I understand that the ST monad is something like a little brother of IO, which in turn is the state monad with added RealWorld magic. I can picture states and I can picture that RealWorld is somehow put into IO, but every time I write a type signature of ST the s of the ST monad confuses me.

Take, for example, ST s (STArray s a b). How does the s work there? Is it just used to build up some artificial data dependency between computations without being able to be referenced like states in the state monad (due to the forall)?

I'm just throwing out ideas and would really appreciate someone more knowledgeable than I to explain it to me.

  • If you search for "ST monad", there's an entry that kind of answers my question as a side answer to a question about STArrays. Not sure if my question here's a duplicate now. stackoverflow.com/questions/8197032/…
    – David
    Commented Sep 18, 2012 at 0:00
  • 2
    It's so tempting to simply answer "Yes." to your question. :)
    – AndrewC
    Commented Sep 18, 2012 at 0:30
  • I guess adding a link to the question and closing it would a) make searching for this easier in the future, and b) save some answerers some time.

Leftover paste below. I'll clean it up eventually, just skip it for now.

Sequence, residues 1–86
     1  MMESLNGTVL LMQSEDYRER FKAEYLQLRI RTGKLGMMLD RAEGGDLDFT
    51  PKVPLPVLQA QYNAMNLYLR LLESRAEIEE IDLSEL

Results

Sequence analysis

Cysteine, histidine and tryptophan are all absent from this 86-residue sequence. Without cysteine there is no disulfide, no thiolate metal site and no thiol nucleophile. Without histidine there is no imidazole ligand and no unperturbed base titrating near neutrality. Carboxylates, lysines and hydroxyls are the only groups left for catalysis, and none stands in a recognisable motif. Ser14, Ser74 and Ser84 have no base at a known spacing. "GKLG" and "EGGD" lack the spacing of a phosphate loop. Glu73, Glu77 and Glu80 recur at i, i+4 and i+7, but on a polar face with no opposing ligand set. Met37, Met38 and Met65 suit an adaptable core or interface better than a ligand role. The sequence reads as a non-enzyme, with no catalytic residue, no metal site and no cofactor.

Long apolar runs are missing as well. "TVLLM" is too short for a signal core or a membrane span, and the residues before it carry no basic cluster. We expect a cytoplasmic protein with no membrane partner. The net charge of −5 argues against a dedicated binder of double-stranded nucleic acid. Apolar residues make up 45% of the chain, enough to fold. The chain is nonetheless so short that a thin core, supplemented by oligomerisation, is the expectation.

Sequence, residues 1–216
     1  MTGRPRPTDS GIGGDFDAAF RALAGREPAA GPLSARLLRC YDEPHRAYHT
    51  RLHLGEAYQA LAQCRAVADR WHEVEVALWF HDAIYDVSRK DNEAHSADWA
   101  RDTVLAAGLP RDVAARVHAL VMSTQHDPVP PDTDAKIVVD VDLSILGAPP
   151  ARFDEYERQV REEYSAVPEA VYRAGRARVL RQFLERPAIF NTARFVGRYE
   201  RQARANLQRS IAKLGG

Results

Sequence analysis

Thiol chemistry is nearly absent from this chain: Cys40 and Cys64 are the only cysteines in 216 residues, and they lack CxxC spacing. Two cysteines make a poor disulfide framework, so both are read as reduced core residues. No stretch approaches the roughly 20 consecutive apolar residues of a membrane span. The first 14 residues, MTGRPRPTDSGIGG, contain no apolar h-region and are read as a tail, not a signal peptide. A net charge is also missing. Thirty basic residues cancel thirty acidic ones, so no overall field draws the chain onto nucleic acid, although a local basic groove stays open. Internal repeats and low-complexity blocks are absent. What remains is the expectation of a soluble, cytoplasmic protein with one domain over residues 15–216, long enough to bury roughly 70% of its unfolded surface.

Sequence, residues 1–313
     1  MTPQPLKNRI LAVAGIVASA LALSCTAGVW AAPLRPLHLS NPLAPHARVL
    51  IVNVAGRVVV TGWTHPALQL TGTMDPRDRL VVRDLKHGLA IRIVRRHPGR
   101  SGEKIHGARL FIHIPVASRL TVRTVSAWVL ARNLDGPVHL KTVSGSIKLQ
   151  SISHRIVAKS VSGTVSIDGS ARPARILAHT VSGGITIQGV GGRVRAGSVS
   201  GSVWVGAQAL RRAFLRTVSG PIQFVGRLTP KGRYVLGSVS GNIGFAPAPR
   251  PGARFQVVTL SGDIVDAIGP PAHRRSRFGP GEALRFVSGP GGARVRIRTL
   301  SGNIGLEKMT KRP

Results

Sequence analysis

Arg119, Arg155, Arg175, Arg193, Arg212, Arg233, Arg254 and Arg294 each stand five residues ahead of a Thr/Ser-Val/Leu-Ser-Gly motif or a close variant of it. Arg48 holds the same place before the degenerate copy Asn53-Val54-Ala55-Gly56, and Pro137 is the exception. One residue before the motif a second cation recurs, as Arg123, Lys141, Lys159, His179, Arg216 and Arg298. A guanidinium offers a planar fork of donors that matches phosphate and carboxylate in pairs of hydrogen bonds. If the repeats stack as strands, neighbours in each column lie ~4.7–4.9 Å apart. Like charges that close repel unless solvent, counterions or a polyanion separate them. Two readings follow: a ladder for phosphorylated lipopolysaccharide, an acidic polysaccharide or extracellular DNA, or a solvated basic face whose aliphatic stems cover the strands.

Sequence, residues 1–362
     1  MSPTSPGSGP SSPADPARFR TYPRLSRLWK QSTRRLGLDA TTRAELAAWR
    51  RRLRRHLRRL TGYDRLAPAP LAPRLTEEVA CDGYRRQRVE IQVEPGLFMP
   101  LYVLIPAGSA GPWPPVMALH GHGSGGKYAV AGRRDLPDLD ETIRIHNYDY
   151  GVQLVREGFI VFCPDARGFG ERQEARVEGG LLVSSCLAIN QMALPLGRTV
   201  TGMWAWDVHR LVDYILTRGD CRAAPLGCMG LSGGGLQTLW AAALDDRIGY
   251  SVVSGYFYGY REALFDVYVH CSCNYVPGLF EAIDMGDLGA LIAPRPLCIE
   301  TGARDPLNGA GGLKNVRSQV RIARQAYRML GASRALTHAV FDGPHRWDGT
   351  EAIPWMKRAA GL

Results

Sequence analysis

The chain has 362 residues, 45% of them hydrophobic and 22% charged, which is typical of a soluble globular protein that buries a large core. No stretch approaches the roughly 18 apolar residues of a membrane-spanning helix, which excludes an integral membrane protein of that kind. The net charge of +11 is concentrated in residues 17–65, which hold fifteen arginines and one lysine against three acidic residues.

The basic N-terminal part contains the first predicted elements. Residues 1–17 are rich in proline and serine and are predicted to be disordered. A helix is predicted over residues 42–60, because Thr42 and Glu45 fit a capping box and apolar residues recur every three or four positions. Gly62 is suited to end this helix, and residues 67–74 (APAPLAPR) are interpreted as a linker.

– David
    Commented Sep 18, 2012 at 0:33
  • 2
    I'll point you to my writeup on rank-2 types, which should help you understand the ST monad as well. Once you understand how rank-2 types can control "who chooses" the type used for a type variable, that should help you understand how ST operations use rank-2 to prevent its computations from being used illicitly. Commented Sep 18, 2012 at 0:58
  • You can write a :: ST Int Int; a = return 2 ST is a perfectly ordinary state monad, except it uses an unboxed pair as output of the state function State# s -> (# State# s, a #) which makes it impractical to deal with. The mystery is entirely in runST which has a rank 2 type, though ST itself isnt one. Commented Sep 27, 2012 at 2:27

3 Answers 3


The s keeps objects inside the ST monad from leaking to the outside of the ST monad.

-- This is an error... but let's pretend for a moment...
let a = runST $ newSTRef (15 :: Int)
    b = runST $ writeSTRef a 20
    c = runST $ readSTRef a
in b `seq` c

Okay, this is a type error (which is a good thing! we don't want STRef to leak outside the original computation!). It's a type error because of the extra s. Remember that runST has the signature:

runST :: (forall s . ST s a) -> a